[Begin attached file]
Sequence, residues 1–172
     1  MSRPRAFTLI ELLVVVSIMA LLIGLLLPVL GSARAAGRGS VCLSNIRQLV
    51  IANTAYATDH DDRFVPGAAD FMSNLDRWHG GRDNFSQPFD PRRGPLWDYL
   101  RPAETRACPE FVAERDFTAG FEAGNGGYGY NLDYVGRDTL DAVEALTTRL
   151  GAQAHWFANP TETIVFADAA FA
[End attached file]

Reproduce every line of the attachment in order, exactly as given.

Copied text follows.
Sequence, residues 1–172
     1  MSRPRAFTLI ELLVVVSIMA LLIGLLLPVL GSARAAGRGS VCLSNIRQLV
    51  IANTAYATDH DDRFVPGAAD FMSNLDRWHG GRDNFSQPFD PRRGPLWDYL
   101  RPAETRACPE FVAERDFTAG FEAGNGGYGY NLDYVGRDTL DAVEALTTRL
   151  GAQAHWFANP TETIVFADAA FA